According to Flinders University microbiologist Harriet Whiley, people with compromised immune systems are at most risk of contracting the disease, including elderly residents, heavy smokers and those with lung disease.
“It's particularly significant given our increasingly ageing population when you consider the growing number of elderly residents who wish to remain in independent living so they can stay a part of their existing communities for longer,” Dr Whiley said.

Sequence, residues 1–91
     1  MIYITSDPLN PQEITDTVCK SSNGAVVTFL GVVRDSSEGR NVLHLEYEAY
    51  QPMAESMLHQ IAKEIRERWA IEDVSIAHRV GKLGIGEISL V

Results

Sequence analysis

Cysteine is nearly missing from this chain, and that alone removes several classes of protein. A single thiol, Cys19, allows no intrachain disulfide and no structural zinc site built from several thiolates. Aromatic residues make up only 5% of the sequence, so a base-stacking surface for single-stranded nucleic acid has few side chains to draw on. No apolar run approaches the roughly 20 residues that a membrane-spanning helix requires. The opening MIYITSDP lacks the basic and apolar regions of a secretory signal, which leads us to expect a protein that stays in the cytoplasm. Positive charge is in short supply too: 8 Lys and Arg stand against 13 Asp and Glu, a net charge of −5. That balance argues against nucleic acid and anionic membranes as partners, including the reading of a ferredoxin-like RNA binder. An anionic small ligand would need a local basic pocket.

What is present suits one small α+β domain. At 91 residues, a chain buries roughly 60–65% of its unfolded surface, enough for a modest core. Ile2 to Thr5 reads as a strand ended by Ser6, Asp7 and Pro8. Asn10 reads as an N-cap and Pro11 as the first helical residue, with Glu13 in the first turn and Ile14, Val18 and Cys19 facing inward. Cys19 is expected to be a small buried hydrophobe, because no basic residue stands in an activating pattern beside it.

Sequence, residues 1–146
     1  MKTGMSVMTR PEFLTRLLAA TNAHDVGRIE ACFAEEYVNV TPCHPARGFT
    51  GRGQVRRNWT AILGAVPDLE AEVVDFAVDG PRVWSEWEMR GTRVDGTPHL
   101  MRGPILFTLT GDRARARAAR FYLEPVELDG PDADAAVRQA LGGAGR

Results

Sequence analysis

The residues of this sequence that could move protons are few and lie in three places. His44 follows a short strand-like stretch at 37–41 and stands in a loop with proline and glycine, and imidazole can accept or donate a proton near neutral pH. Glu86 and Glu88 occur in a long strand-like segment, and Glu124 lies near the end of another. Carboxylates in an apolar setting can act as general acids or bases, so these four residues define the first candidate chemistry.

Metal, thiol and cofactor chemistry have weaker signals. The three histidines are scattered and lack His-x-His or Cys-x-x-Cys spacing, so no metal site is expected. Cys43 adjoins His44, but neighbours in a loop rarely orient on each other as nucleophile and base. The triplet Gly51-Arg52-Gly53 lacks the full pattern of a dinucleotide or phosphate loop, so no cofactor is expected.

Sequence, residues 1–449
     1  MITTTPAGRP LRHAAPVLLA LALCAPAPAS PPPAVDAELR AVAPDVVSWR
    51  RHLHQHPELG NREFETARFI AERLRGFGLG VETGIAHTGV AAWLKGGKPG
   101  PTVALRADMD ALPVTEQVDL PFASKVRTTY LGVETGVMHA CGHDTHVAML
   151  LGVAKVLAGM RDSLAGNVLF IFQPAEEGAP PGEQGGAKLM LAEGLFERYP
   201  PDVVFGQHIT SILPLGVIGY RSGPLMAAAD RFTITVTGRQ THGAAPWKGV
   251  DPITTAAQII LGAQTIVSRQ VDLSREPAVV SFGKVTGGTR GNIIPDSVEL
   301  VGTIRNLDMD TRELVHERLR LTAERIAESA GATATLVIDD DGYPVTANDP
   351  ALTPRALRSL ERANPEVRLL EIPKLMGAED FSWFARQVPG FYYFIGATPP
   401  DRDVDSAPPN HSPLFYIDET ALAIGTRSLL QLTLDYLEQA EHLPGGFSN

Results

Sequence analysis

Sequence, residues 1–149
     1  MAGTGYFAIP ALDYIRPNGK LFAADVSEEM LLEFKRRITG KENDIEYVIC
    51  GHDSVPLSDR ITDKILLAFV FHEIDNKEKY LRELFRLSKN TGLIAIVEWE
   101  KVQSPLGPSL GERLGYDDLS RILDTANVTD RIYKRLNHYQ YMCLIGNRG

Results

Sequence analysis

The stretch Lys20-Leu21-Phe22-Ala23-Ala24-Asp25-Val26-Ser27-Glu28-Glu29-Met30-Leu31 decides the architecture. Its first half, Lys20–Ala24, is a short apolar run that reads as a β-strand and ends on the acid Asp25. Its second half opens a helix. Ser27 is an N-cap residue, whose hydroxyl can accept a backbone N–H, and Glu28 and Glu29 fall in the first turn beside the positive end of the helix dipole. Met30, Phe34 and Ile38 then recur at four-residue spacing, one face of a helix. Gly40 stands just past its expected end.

Legionnaire’s disease can be deadly, and occurs when a person breathes in mist that contains the bacteria. It can cause symptoms like cough, shortness of breath, high fever, muscle pains and headaches.
Dr Whiley explained that the research revealed a lack of public awareness about Legionella contamination, and believes that public health campaigns are necessary in order to educate vulnerable people.
Households can reduce the risk of contracting the bacteria in their water systems and shower heads by taking “simple steps” such as “increasing your hot water temperature and running showers every week to replenish the water sitting in pipes.”
In order to kill the bacteria, temperatures need to be set above 65C.
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